Least Weasel, Weasel
Value of species
Game (hunting) species
Mustela nivalis nivalis Linnaeus, 1766
Mustela nivalis rossica Abramov & Baryshnikov, 1999
Mustela nivalis vulgaris Erxleben, 1777
The taxonomy of Least Weasel Mustela nivalis was reviewed by Abramov and Baryshnikov (2000), who considered Egpytian Weasel M. subpamata to be a distinct species, a treatment followed here. Tonkin Weasel M. tonkinensis and Sichuan Weasel M. russelliana, here treated as distinct species following Groves (2007), were included as part of M. nivalis by Abramov and Baryshnikov (2000) (and in previous versions of its Red List assessment). A weasel population found in Taiwan in the late 20th century and considered by its finders to be a new species allied to Stoat M. erminea is here considered, following Abramov (2006) to be part of M. nivalis.
Least Weasel has a circumboreal Holarctic distribution, taking in much of Europe, northern Asia and northern North America (Sheffield and King 1994, Abramov and Baryshnikov 2000). It is found almost throughout Europe, including on Britain (but not Ireland). In mainland Asia it ranges south to northern Mongolia (Bannikov 1954, Dulamtseren 1970), Korea (not just northernmost, where indicated by Won and Smith (1999), but also in southern parts; Abramov and Baryshnikov 2000), and northern China (Nei Mongol, Heilongjiang, Jilin, Liaoning, Hebei and Xinjiang provinces; Wang 2003). Populations further south are not here considered conspecific; see 'Taxonomic notes'. Further west in Asia it occurs south to Lebanon, Iran and Afghanistan (Abramov and Baryshnikov 2000, Habibi 2004). It is also found on Honshu, Hokkaido, Kunashiri and Etorofu islands in Japan (Abe et al. 2005), on Sakhalin and the Kuril islands in Russia (Abramov and Baryshnikov 2000), and on Taiwan (Abramov 2006). In North Africa it is confined to Morocco, Algeria and Tunisia; these populations have typically been considered native, but it is not impossible that they were introduced (Lebarbenchon et al. 2010). It has been introduced to many Mediterranean islands, the Azores Islands, Sao Tome off west Africa, and New Zealand (Sheffield and King 1994, Dobson 1998, Lebarbenchon et al. 2010). Statements that it occurs or occurred in Israel lack any credible basis (Werner 2012).
This species occurs from sea level up to at least 3,860 m.
In the European part of its range, there are documented population declines in some areas (e.g., Britain: Battersby 2005), and suspected declines in others. Although it has a wide distribution, it is considered rare in North America (Sheffield and King 1994). In Eurasia, it is relatively common, but not often seen (Sheffield and King 1994). Local densities of 0.2 to 1.0 individuals per hectare can occur in favoured habitats when prey are abundant (Sheffield and King 1994). However, over wider areas, the average density may be as low as one to seven per 100 hectares (Goszczynski 1977). Populations fluctuate both seasonally and annually, sometimes involving large increases of up to 10-fold, concurrently or within nine months of a population peak of small rodents, and lasting six to 18 months (Sheffield and King 1994). It is often thought to be rare (although sometimes locally fairly common) throughout its range in south-eastern U.S.A., but its actual status there is uncertain (Handley 1991).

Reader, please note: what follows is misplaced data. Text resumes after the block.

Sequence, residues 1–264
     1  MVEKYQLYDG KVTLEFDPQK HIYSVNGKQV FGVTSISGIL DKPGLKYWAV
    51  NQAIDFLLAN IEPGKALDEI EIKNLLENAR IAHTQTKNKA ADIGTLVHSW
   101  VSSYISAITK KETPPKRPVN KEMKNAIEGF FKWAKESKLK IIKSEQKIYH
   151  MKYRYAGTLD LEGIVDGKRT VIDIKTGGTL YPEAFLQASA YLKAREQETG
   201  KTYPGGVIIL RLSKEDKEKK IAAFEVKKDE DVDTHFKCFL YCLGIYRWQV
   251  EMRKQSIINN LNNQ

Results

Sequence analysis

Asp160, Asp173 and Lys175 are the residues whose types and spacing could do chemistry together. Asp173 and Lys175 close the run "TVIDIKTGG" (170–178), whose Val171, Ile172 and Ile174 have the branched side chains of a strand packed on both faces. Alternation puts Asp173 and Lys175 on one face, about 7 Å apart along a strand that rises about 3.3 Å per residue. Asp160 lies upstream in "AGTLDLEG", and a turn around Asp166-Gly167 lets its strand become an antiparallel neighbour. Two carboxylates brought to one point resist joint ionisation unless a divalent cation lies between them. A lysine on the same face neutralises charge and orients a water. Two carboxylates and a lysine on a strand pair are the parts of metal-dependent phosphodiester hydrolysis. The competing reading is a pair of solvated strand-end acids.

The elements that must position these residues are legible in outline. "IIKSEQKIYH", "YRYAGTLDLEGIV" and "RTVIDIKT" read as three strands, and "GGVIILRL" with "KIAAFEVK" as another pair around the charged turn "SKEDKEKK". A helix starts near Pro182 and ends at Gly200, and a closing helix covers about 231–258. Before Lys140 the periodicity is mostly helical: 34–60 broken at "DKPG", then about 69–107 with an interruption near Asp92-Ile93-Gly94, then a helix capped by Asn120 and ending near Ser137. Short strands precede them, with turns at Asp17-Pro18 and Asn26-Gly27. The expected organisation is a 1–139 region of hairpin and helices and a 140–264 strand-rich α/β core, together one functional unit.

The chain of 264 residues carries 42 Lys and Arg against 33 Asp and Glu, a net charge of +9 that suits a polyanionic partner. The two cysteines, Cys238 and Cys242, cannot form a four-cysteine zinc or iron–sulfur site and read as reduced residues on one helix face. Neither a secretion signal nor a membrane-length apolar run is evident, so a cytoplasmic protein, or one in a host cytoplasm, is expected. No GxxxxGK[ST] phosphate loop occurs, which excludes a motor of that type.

Least Weasel tolerates a wide range of habitats, including forest, farmland and cultivated fields, grassy fields and meadows, riparian woodland, hedgerows, alpine meadows and forest, scrub, steppe, semi-desert, prairies, and coastal dunes (Sheffield and King 1994, Pulliainen 1999). It forms dens in crevices among tree roots, in hollow logs, or in abandoned burrows of other species. This species is a specialist diurnal predator of small mammals (especially rodents), although it will also occasionally feed on birds’ eggs, lizards, frogs, salamanders, fish, worms, and carrion (Sheffield and King 1994). Food may be stored for the winter (Danzig 1992). Habitat selection is usually determined by local distribution of rodents. When foraging it avoids open spaces, where it is most vulnerable to predation by raptors (Sheffield and King 1994). It prefers dense, rank grassland where microtines (voles and lemmings) are abundant (R. McDonald pers. comm. 2006).
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